Warren Buffett Cashes in Monster Bet on Microsoft Buying Activision[ad_1]
- Warren Buffett exited his wager on Microsoft buying Activision Blizzard last quarter, filings show.
- Buffett built a $5 billion Activision stake, wagering the stock would hit Microsoft's offer of $95.
- He's now sold the shares he bought, reducing Berkshire's stake to its pre-arbitrage size.
Warren Buffett closed out his bet on Microsoft buying Activision Blizzard last quarter, and likely left some money on the table.
Buffett's Berkshire Hathaway slashed its Activision stake by 70% to 14.7 million shares or 1.9% of the company last quarter, a Securities and Exchange Commission filing revealed on Monday.
One of Buffett's deputies oversaw Berkshire's purchase of 14.7 million Activision shares in 2021. After Microsoft bid $69 billion for Activision in January 2022, Buffett scooped up nearly 50 million shares as an arbitrage.
In other words, Buffett wagered that the merger would go through, and Activision stock would rise to Microsoft's offer price of $95 a share.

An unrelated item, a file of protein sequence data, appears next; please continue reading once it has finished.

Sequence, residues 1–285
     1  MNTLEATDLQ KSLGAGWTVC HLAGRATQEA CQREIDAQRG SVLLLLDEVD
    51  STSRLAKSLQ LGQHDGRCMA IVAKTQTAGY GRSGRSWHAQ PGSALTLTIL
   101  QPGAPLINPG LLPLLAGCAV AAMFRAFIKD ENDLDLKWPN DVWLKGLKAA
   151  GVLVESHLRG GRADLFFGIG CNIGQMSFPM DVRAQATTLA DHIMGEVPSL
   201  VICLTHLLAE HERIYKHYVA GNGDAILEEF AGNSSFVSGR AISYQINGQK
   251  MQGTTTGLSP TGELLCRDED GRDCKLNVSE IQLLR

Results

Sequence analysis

Berkshire's Activision stake peaked at over 68 million shares or roughly 9% in the second quarter of last year — a stake worth over $5 billion. However, Buffett and his team pared it to 49.4 million shares or 6.2% by the end of March this year, then reduced the bet to its pre-arbitrage size by June 30, SEC filings show.
The mega-merger ran into trouble in late April, when UK regulators blocked it out of concern that it would dampen innovation and reduce consumer choice in the cloud-gaming market. The US Federal Trade Commission also opposed the deal, but a federal judge ruled on July 10 that it could proceed, and UK officials have also agreed to consider a modified deal.
The good news has sent Activision stock up 11% this month to $93, less than 2% below Microsoft's offer price. Berkshire's latest disclosure indicates it cashed out most of its shares last quarter, suggesting it largely missed out on the stock's climb in recent days.
Buffett was asked during Berkshire's annual meeting this year whether he'd reduced or sold the Activision position given the regulatory opposition to it. Seated next to his business partner, Charlie Munger, he demurred but went on to criticize officials for blocking the deal.
"I think the British government's making a mistake in this case," he said. "But that's life in the big city, as Charlie would say."
Buffett joked during last year's shareholder meeting that Munger questions why he even bothers with arbitrage anymore, given the upside is limited and there's a risk of significant loss.
"His general feeling is, 'Why is Warren fooling around with this kind of stuff, even,'" Buffett said.
"But it's the old fire horse," he continued. "Occasionally it looks like the odds are in our favor."